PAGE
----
How Zille plans to solve the Uber crisis in SA

 ·6 Jul 2015

Western Cape premier and former Democratic Alliance (DA) leader, Helen Zille, has weighed in on the Uber internet ride sharing service melee.

The premier launched a weekly newsletter called Inside Government in which she says that the various provincial and national governments are working together on a way forward amid protests and conflict between Uber drivers and metered taxis.

Zille said it ‘came as a shock’ to discover that over 200 Uber taxis have been impounded by the traffic police in Cape Town since the beginning of the year – leading to a public outcry on social media in which 14,000 people signed an online petition to legalise the taxis.

Uber’s e-hailing service “does not fall into any of the categories of the National Land Transport Act”, an official told Zille. It is also not provided for in the Integrated Transport Plan, the premier said.

And any process to regularise the e-hailing service must follow the requirements of the Promotion of Administrative Justice Act.

Zille noted that a court case in the United States concluded last week that Uber drivers were not self-employed, but employees of the Uber company, a decision with far-reaching legal implications.

“This situation creates a crisis for government. Officials must act within the law. But the law doesn’t envisage or cater for e-hailing services. The result is government paralysis,” the premier said.

“The solution currently on the table is to license Uber taxis in terms of the clauses covering metered taxis, while providing certain exemptions,” Zille said.

“But why insist on licences at all, several people have asked? Surely, consumer choice should be regulated by the market? In any event, they say, Uber is self-regulating through a star-rating system.”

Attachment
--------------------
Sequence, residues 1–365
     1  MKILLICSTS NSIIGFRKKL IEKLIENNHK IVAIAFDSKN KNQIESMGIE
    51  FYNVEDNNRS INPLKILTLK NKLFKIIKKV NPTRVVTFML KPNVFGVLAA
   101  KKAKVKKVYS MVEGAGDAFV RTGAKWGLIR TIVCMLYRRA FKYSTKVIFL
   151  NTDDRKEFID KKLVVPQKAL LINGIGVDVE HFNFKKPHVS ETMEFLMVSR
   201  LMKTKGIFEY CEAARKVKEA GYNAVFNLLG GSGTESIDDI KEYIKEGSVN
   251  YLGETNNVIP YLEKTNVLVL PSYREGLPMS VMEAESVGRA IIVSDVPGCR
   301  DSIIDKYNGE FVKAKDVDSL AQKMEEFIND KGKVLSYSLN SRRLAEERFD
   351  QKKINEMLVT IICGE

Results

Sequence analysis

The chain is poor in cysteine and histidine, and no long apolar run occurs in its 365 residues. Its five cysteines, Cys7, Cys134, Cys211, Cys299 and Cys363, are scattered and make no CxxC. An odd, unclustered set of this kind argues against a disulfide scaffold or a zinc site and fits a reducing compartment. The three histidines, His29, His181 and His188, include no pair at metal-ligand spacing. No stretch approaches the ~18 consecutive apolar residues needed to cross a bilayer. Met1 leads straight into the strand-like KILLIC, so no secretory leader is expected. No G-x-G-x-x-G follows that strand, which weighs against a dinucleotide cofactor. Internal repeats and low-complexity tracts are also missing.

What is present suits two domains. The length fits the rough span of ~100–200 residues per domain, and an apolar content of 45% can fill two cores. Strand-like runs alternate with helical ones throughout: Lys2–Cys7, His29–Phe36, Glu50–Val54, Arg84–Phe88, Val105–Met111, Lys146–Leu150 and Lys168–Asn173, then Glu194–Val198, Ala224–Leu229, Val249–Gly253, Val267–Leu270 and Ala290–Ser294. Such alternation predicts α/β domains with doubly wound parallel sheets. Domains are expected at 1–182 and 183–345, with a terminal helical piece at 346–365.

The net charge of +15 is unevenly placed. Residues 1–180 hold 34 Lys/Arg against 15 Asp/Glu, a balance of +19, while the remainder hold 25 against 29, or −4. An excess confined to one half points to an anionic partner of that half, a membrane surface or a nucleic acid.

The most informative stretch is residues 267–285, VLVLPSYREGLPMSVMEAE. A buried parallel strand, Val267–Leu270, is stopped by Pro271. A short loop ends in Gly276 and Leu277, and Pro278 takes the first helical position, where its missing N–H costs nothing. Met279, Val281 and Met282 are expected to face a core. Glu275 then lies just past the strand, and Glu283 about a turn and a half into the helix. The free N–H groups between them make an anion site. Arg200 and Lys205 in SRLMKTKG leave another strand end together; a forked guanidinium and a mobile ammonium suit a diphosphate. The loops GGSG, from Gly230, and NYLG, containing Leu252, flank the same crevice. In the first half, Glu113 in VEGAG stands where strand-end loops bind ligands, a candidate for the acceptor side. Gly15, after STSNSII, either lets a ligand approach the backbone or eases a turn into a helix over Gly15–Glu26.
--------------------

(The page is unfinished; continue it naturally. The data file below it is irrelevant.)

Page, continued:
For public transport operators, the solution is not so simple. “Government cannot evade responsibility for safety, which includes roadworthiness, passenger insurance and third parties. If, for example, the vehicle does not have a valid operating licence, passengers cannot claim from the Road Accident Fund in the event of a crash,” Zille stated.

“Moreover, regulation of the taxi industry in South Africa has proved to be one of the examples of market failure. Competition is more often resolved by violence than consumer choice. There have been 15 murders (and many more injuries) in the past year relating to taxi conflicts in an overtraded industry.”

“And the current situation of overtrading can only be resolved by market displacement, which usually results in escalating violence. Furthermore, the law prohibits the issuing of additional licences in an overtraded market.”

The Western Cape lead pointed to Uber related problems faced by governments in European countries including France, Spain and Germany, who have been somewhat cautious. “They know they will be held responsible if something goes wrong,” Zille said.

“We are all working together on a way forward. On Thursday 9 July, there will be a meeting of the Provincial Regulating Entity, where all the verified Uber licence applications supported by the City will be considered. Those who gave false addresses, or other deficient information, will be rejected.”

“The City has also started the process of compiling a by-law to create a legal framework for the e-hailing industry, while the National Government has started the process of amending Section 66 of the National Land Transport Act, to make e-hailing taxis a sub-category of metered taxis,” Zille said.

More on Uber in SA

Cape Town impounds 200 Uber cars

Joburg taxi drivers launch ‘illegal’ Uber protest

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